3. 3. Critical Functions of Governance 37/25/2014 Leadership & Vision • Setting the strategic direction • Coordinating, communicating, developing policies, etc. • Coordination with NSF Guiding Technical Implementation • Explicit connection between scientific process and technical functions • Alignment of funded projects • Stewardship of reference architecture Advocacy & Engagement • Disseminate, engage, connect, partner • Other organizations and initiatives, end-users, educators, professional societies, publishers, and more
    4. 4. 7/25/2014 4 The Charter
    5. 5. Standing Committees Steering Committee Office Council of Data Facilities Partner- ship ProgramTechnology/ Architecture Committee Engagement & Advocacy Committee Science Committee Participants Technical Funding Team Working Groups Science Funding Team Special Interest Groups Special Interest Groups Working Groups Working Groups
    6. 6. Comprehensive Survey Review: General Comprehensive document with room to grow & adjust once implemented Consensus that the Charter must lead to defined metrics and measurable outcomes Current balance of power is unclear – Where does the action happen? Learn from past experiences
    7. 7. Comprehensive Survey Review: Functions Functions generally represented the communities’ needs Metrics need definition: what’s working, priorities, who defines? Additional functions proposed
    8. 8. 7/25/2014 8 Vision and Mission Vision: EarthCube enables transformative geoscience by fostering a community committed to providing unprecedented discovery, access, and analysis of geoscience data. Mission: EarthCube streamlines the path to scientific discovery by overcoming social, institutional, and technical barriers to data sharing and access through a network of interoperable, computational resources. This will be developed and supported by a community of practice consisting of data and software providers, end-user geoscientists, computer and information scientists, and related communities.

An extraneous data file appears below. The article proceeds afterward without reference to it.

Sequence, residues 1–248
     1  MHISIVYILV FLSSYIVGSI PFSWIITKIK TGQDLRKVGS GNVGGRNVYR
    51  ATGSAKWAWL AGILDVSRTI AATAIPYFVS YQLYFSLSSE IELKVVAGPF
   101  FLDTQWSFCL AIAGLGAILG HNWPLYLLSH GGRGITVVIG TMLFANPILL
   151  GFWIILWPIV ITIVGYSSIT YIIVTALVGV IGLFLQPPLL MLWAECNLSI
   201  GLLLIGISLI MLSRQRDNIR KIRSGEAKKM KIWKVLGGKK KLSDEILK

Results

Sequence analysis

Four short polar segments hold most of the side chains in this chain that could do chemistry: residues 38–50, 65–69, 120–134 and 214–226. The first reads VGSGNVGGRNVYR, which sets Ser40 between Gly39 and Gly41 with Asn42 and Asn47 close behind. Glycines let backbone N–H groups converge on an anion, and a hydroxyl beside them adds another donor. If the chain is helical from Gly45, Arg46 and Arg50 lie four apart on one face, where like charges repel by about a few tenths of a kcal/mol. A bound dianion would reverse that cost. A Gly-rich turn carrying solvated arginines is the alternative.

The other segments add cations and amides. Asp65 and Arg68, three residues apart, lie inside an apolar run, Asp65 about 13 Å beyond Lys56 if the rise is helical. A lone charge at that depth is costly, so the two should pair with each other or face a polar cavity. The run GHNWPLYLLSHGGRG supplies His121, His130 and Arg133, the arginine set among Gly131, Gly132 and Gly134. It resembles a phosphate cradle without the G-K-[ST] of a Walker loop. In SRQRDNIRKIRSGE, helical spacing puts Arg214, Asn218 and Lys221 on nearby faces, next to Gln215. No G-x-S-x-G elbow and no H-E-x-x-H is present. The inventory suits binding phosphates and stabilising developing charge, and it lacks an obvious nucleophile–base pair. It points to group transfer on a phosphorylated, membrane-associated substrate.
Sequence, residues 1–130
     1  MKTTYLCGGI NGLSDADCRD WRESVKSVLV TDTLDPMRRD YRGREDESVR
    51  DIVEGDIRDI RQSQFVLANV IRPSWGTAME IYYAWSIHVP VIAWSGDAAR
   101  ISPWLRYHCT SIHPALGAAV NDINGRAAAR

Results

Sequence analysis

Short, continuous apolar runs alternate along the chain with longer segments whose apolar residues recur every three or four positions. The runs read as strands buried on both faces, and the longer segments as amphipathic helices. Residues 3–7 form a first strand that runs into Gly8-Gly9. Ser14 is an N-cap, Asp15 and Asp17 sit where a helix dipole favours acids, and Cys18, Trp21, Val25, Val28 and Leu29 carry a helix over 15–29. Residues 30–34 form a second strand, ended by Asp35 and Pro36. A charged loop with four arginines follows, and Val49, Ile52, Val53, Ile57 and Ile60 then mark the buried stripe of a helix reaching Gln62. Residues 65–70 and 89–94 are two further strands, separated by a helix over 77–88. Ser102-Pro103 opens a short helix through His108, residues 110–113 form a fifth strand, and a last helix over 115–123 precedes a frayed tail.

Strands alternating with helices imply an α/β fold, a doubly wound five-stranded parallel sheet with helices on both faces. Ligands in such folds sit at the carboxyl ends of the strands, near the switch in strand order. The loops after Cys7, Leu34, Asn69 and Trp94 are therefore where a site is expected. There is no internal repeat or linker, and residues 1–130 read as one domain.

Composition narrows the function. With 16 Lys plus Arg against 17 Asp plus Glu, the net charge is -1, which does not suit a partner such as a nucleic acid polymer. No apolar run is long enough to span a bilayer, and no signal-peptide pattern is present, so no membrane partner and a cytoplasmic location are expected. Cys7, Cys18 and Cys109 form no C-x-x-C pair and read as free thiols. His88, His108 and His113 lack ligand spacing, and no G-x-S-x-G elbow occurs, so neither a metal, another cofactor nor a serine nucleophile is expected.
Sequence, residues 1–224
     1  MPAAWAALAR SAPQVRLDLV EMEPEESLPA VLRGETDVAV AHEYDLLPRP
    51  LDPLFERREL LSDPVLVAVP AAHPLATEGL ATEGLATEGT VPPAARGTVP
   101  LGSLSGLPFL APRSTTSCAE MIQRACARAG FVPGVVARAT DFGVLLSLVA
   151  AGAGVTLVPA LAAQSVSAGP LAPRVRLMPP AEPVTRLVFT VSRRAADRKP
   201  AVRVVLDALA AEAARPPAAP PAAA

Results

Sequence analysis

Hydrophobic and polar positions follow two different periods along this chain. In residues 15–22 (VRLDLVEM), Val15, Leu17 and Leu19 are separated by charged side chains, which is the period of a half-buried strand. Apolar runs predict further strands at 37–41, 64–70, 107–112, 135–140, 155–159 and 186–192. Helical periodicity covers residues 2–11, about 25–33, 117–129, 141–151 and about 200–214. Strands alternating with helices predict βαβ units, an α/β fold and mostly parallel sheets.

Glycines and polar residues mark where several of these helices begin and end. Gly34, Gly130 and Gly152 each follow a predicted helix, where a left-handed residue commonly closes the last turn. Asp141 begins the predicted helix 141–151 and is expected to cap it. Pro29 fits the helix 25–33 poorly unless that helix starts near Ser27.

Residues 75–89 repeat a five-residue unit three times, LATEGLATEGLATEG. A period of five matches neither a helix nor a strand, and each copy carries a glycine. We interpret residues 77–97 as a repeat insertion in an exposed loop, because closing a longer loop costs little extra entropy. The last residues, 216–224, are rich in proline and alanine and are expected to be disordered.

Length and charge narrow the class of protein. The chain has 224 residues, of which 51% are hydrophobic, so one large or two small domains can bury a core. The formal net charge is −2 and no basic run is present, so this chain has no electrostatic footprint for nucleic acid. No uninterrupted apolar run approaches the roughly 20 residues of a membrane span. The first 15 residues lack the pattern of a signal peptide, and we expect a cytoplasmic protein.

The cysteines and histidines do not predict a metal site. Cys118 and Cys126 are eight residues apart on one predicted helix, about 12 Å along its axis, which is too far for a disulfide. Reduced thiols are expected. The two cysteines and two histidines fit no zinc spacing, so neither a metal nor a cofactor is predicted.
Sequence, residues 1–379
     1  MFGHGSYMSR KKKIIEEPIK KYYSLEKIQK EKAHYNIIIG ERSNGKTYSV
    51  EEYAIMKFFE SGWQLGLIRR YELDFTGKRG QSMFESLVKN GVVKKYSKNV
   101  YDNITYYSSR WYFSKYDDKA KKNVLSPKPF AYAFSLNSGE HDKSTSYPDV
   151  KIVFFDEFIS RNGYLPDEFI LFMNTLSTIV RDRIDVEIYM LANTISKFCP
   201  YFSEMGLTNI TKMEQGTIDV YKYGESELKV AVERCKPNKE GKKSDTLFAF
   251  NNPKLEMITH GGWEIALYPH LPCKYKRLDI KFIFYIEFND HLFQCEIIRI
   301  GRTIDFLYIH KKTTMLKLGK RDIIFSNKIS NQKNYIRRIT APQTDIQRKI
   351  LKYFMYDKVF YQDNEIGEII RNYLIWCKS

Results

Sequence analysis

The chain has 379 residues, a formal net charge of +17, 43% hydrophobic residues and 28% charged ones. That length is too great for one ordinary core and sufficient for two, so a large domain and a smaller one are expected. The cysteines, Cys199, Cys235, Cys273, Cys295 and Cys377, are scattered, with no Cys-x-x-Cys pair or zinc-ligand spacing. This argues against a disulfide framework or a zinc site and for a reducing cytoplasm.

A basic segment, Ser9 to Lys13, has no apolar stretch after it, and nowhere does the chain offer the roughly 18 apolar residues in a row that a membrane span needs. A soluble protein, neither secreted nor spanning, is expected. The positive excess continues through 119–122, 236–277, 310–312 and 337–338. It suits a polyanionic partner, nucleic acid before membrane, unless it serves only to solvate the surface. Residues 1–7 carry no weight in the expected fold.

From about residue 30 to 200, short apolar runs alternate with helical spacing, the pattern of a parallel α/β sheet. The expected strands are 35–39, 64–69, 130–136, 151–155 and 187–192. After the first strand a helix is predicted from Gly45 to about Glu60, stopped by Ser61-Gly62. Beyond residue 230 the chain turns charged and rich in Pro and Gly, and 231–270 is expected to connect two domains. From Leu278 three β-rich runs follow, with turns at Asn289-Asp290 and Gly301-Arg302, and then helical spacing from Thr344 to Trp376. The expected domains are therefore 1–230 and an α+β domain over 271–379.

9. 9. 7/25/2014 9 Goals • Facilitating new opportunities for transformative geoscience • Maintaining a knowledgebase • Making it easier to share, identify, access, use and evaluation quality data • Enable data-driven hypothesis and answering questions otherwise not possible • Enabling trust in data and software • Developing/implementing interoperable software and hardware resources • Building tech and social interfaces with other efforts • Facilitating cyberinfrastructure projects
    10. 10. 7/25/2014 10 Steering Committee Strategic direction Oversight of all the moving parts of EC Policies, procedures, communication Coordination with NSF
    11. 11. Comprehensive Survey Review: Steering Committee  Should aim for rough consensus; 2/3 vote, if necessary  Term limits for the Chair are generally positive; incoming/acting/outgoing situation provides continuity; but ripe for oligarchy?  Chair should be compensated, particularly travel support Mixed feelings on salary support  Legal issues may require attorney assistance outside Steering Committee
    12. 12. 7/25/2014 12 Office Implements partnership program Supports all parts of governance Manages online collaboration platform Coordinates the All Hands Meeting
    13. 13. 7/25/2014 13 Partnership Program Proactive engagement of related efforts May include formalized MOUs or informal Reaches out to/identifies new potential partners
    14. 14. Comprehensive Survey Review: Structures  Headquarters/Support Office/Secretariat/National Coordination Office: 71%: office should be self-supporting and self- managed with the Manager as a non-voting member of the Steering Committee AND funded at 5-year increments  Partnership Program is a positive, but should be part of the Office (nuance – “Alliance” or “Liaisons”)  92%: working group model as outlined is reasonable and encourages participation
    15. 15. 7/25/2014 15 Standing Committees Open-membership Self-selected leadership Engages with working groups Fulfills critical functions to support the value and content of EC
    16. 16. 7/25/2014 16 Standing Committee List Technology/Architecture Engagement & Advocacy Science Council of Data Facilities
    17. 17. Comprehensive Charter Review: Standing Committees & Teams Standing Committees need clearer lines of communications and further definition of overlapping functions, particularly on the Science Committee Concern that the Architecture and Technology Committee functions are more top-down than system of systems or requirements driven development rather than agile, evolutionary development